\color{red}g^\prime\color{black}=(\color{red}g^\prime\color{black}\circ\color{red}L^\prime\color{black})\circ\color{blue}L\color{black} = \color{red}g^\prime\color{black}\circ(\color{red}L^\prime\color{black}\circ\color{blue}L\color{black}) \\ \color{blue}h\color{black}=(\color{blue}h\color{black}\circ\color{blue}L\color{black})\circ\color{red}L^\prime\color{black} = \color{blue}h\color{black}\circ(\color{blue}L\color{black}\circ\color{red}L^\prime\color{black})

From those equations we deduce that:

\color{red}L^\prime\color{black}\circ\color{blue}L\color{black}=Id_{\color{red}U^\prime} \\ \color{blue}L\color{black}\circ\color{red}L^\prime\color{black}=Id_{\color{blue}U}

Therefore, is an **isomorphism** between those groups and we get that:

\color{blue}U\color{black}\cong\color{red}U^\prime

As we wanted. But we’ve even got more – we’ve seen that shows the exact connection between the homomorphisms:

\color{red}g^\prime\color{black}=\color{blue}g\color{black}\circ\color{blue}L \\ \color{red}h^\prime\color{black}=\color{blue}h\color{black}\circ\color{blue}L

#### The solution

After showing the uniqueness of the solution, we only need to find one. If you think about it, the solution should be pretty clear, we’ll pick to be the** cross product** of the groups . That is:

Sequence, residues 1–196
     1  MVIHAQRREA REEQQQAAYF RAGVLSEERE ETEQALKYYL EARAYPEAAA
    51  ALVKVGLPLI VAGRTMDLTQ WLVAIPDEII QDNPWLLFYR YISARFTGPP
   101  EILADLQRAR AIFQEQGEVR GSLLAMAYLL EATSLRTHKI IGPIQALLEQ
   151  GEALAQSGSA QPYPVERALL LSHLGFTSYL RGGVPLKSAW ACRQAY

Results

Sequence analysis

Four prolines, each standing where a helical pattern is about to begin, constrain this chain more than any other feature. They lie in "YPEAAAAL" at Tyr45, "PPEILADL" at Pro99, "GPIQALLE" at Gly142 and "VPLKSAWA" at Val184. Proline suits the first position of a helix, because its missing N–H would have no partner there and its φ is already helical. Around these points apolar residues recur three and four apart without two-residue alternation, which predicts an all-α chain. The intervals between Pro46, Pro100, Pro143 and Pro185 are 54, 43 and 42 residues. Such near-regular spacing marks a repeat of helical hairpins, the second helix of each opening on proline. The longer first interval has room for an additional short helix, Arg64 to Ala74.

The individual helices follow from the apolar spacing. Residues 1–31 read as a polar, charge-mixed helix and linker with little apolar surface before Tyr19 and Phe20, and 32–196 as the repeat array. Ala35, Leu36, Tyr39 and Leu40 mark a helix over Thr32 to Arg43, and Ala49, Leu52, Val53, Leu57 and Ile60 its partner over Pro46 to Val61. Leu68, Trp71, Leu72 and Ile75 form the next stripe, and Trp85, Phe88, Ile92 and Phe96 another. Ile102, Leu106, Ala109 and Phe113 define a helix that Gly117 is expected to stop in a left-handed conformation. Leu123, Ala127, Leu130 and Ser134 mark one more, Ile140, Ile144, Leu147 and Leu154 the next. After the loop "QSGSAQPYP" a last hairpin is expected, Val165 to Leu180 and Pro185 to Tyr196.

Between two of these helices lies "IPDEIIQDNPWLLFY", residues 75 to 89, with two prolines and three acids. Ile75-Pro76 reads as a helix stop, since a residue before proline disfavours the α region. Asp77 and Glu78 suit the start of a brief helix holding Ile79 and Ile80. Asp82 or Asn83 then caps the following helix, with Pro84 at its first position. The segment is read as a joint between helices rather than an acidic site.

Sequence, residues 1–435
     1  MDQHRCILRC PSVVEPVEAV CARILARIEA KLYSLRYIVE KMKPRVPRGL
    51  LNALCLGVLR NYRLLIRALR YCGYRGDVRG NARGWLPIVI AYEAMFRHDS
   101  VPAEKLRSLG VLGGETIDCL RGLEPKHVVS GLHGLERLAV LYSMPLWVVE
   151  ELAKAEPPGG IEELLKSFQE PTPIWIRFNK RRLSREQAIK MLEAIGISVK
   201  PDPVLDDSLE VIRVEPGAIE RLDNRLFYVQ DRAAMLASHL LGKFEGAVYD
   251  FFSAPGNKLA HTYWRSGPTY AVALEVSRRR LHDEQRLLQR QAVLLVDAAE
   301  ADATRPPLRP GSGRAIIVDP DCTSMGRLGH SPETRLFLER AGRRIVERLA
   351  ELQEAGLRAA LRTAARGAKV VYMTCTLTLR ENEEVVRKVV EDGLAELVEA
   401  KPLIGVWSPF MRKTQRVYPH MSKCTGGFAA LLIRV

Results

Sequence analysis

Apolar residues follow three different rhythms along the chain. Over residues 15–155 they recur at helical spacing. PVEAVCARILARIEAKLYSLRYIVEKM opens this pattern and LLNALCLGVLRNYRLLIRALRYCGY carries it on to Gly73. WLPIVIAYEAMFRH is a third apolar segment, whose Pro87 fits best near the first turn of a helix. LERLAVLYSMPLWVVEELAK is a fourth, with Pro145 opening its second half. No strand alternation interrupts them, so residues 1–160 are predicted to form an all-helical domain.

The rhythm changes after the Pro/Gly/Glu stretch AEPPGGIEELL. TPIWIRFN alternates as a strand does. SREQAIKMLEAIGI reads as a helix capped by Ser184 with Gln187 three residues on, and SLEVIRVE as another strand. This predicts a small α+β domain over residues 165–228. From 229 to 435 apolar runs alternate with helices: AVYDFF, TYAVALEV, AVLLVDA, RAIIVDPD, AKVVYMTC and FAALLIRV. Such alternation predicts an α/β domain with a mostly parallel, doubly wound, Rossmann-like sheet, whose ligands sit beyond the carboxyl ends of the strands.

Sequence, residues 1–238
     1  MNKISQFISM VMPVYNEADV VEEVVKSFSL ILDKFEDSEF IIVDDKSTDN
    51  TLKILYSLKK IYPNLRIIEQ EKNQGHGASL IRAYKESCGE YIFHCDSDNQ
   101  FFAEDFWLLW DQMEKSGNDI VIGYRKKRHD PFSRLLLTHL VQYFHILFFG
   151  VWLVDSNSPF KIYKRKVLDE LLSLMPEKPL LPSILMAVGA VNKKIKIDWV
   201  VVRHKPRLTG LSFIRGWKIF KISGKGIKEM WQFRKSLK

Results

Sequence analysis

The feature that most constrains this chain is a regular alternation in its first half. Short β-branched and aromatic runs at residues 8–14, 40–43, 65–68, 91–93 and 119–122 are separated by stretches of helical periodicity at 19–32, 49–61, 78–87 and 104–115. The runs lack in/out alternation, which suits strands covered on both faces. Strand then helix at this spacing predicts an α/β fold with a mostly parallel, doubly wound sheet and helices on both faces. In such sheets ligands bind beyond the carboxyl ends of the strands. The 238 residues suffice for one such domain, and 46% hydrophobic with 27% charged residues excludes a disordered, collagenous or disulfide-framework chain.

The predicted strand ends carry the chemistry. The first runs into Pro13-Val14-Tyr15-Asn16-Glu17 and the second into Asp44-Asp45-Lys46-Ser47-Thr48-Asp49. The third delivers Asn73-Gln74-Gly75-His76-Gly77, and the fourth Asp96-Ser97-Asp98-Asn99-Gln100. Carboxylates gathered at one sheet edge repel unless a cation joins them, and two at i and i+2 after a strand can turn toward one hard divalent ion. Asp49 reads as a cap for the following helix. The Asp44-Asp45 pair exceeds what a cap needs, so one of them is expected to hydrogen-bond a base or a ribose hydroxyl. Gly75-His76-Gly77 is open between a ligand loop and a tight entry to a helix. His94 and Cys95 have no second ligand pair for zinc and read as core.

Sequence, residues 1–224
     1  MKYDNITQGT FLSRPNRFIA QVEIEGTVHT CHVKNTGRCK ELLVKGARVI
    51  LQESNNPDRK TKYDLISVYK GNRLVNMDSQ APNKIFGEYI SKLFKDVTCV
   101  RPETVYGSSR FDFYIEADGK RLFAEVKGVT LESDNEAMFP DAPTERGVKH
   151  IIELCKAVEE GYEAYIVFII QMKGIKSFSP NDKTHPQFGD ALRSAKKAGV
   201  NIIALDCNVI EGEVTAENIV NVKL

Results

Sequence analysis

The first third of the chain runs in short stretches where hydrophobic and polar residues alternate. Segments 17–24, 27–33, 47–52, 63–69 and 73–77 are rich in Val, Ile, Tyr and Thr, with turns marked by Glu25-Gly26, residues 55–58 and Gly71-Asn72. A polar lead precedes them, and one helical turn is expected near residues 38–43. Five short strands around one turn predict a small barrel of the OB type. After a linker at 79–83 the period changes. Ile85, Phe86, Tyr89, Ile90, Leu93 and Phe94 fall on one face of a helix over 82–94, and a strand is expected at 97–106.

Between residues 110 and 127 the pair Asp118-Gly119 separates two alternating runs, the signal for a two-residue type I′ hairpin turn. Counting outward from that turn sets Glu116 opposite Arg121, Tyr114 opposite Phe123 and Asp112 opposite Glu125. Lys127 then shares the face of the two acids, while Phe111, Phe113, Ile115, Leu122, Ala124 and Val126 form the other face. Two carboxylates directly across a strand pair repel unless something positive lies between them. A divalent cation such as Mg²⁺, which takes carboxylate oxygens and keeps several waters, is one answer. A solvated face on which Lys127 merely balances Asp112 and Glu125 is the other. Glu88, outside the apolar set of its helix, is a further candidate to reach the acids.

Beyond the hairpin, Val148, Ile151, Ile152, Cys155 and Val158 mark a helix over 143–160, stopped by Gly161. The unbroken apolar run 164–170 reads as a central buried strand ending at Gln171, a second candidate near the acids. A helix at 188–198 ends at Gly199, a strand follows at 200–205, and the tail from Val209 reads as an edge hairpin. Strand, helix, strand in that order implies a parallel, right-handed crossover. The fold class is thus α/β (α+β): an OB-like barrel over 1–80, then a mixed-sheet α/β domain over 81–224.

\color{blue}U\color{black}= G\times H

The homomorphisms from it will be the **projections** on each group:

P_G:G\times H\to G \\ (g,h)\mapsto g

And similarly:

P_H:G\times H\to H \\ (g,h)\mapsto h

Now the diagram looks like:

The only thing left to figure out is what is? Let’s see what are the options: First, it must satisfy:

\varphi=\color{blue}P_G\color{black}\circ\color{blue}L \\ \color{black}\psi=\color{blue}P_H\color{black}\circ\color{blue}L

Since , we can denote it as:

L=(L_1,L_2)

Now, for every :

\varphi(x)=\color{blue}P_G\color{black}\circ\color{blue}L\color{black}(x)=\color{blue}P_G\color{black}(L_1(x),L_2(x))=L_1 \\ \psi(x)=\color{blue}P_H\color{black}\circ\color{blue}L\color{black}(x)=\color{blue}P_H\color{black}(L_1(x),L_2(x))=L_2 \\

So we’ve found exactly what is, and now, of course it is unique – the only choise for is:

\color{blue}L\color{black}(x)=(\varphi(x),\psi(x))

And that’s it, we’ve found the universal solution! Now we now that every time we are mapping a group to two different groups, those maps have to ‘go through’ the **cross product**.

## Summary

Great! We’ve just solved our first universal problem! We still have 3 more left before we’ll go back to talk about topology. However, the problems are getting harder and harder.

Ok, so that’s it for this post, in the next one, thing will start to get interesting….